I shot these photos for a campaign for Winc, a subscription based wine company. To give you a bit of background about how collaborations work, there is always a campaign brief with visual inspiration and requirements of do's and don'ts for the post and caption. Some brands are very specific with what they want, with strict requirements of how the photo should look or a word for word caption (which are usually the types of collaborations I turn down). Other brands are more lenient and give the content creator more creative freedom.
Shooting for a campaign is fun but can also be a bit nerve wracking because you usually have to submit your post for approval before it goes live on your social channels, so there's always a chance your work could be rejected. I always reread the campaign brief and requirements before I go out and shoot to make sure I'm getting what the brand is asking for. There are a lot of BYOB restaurants in Hoboken where I live, so I thought one of them would be a great backdrop for this campaign, to get a vintage, Sophia Loren inspired, Italian vibe. I was happy with the photos and video I created, but then I decided to take a look at the tagged photos on Winc's Instagram to see what other people were posting.
Almost every influencer's post I saw looked very similar, either them posing in their kitchen or under their Christmas tree with the box of wines they received from Winc. Suddenly, I started worrying if the brand would accept the content I submitted. I only featured one bottle of wine from the box, not all four. They never said all four bottles had to be in the photo, but that's what everyone else did. The brand also asked me to submit a video to post on my story. My video was more inspirational to set the mood, rather than informative, such as an unboxing video or me talking to the camera about Winc. Ultimately, the brand approved everything I submitted, but it got me thinking...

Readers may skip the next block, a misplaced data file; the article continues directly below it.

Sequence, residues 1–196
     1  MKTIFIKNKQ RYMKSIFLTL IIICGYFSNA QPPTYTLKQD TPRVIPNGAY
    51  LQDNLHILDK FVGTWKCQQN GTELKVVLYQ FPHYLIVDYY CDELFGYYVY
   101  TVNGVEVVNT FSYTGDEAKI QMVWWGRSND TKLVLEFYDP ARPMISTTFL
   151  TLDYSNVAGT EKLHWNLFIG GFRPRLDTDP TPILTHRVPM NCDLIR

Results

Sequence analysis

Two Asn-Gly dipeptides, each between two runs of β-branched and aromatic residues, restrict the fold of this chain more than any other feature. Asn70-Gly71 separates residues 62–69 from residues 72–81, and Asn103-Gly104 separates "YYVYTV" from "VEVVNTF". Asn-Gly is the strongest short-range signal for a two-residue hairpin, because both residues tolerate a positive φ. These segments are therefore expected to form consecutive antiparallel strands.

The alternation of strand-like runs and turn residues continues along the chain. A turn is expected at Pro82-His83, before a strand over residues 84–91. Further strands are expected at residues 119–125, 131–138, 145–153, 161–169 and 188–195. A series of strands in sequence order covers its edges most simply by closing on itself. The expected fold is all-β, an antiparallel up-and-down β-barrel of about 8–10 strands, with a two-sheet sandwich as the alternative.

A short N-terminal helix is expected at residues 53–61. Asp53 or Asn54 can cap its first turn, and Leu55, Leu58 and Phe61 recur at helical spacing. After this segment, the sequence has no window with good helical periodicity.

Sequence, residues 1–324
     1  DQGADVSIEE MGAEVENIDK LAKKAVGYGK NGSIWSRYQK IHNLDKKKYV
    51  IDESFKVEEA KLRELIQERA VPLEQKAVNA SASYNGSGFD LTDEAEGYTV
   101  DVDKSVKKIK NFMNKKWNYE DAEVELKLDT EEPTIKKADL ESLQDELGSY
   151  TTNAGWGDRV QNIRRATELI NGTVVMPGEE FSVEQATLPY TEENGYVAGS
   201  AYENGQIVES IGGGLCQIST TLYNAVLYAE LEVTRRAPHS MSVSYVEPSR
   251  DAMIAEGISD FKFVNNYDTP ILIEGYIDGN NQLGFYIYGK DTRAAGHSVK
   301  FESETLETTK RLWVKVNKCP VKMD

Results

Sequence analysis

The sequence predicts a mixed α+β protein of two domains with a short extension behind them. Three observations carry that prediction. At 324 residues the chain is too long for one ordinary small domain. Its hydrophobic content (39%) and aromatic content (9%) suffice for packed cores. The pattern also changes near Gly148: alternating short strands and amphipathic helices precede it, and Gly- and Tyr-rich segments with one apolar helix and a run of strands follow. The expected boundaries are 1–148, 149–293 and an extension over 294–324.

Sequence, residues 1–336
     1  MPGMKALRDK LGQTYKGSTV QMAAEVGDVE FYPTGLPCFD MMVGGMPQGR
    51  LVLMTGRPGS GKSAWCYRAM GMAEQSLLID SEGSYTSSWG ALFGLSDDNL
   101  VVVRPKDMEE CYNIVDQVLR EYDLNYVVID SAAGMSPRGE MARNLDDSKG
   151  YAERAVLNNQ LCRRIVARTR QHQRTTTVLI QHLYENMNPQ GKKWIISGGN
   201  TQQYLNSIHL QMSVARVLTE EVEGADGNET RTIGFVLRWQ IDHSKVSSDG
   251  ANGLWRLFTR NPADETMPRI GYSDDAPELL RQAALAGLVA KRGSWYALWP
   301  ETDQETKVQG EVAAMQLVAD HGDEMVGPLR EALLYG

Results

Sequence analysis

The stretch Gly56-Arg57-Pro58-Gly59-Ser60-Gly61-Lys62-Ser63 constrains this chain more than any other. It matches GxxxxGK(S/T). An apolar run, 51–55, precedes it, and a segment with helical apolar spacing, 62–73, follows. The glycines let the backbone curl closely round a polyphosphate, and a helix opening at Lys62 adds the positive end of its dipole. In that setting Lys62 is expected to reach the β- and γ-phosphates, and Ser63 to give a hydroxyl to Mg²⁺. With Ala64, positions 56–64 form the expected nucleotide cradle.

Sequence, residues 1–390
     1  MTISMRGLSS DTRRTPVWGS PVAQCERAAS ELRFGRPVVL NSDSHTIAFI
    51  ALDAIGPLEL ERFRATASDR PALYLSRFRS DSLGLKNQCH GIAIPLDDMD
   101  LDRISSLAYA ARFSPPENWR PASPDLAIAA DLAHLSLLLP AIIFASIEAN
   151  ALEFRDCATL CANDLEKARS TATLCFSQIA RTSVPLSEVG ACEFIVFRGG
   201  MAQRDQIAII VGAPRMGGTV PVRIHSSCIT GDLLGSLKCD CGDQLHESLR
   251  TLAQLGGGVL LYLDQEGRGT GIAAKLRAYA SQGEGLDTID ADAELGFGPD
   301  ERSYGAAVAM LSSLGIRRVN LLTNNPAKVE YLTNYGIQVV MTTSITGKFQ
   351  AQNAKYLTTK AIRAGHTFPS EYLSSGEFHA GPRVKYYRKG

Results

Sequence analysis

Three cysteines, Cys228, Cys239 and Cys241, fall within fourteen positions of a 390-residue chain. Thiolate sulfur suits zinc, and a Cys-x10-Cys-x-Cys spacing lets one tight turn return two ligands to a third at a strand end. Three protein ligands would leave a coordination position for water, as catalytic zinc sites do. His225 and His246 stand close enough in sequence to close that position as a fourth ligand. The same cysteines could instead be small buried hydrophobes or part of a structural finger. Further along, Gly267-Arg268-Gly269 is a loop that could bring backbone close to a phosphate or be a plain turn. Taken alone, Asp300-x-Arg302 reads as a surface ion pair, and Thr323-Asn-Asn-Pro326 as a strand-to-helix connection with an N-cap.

Are influencers even influential anymore?
The term influencer was coined because that's what influencers were, influential. They gained a following because there was something about them people liked, whether that was their style, personality, photography, etc. Now, being an influencer has become a career choice and people are quitting their full time jobs to peruse being an influencer. Being a "microinfluencer" myself, I know how much work goes into content creation, so I 100% respect it as a career. However, like any career, I don't think it's just something you can decide to be. It's something that takes practice, natural ability and a point of view. But now it feels like people who set out to become an influencer are taking a cookie cutter approach and thinking if they do x,y,z, they will in fact be an influencer.
Social media critics often say the influencer bubble is going to burst. While I agree that Instagram will not always reign as king, I don't think influencers are going anywhere anytime soon. Nowadays, people are watching more Netflix than they are cable, or spending more time watching YouTube tutorials than they are reading magazines. Traditional forms of advertising like TV commercials and print ads are dying out, so it makes sense businesses and brands are turning to social media to advertise. As a consumer, I've discovered brands or bought a product after seeing it on Instagram, which proves influencer marketing works. Sponsored posts don't necessarily have to be the most creative or entertaining to be effective (how many times have you seen a stupid commercial on TV, yet the message of the commercial sticks with you). However, I think influencers should strive to truly influence and inspire their audience, rather than just following the status quo. After all, you'll never influence the world by trying to be just like it.
Beret: JJ Hat Center; Top: J.Crew: Scarf: Fred & Lulu; Earrings: Vintage
Location: Johnny Pepperoni's (Hoboken, NJ)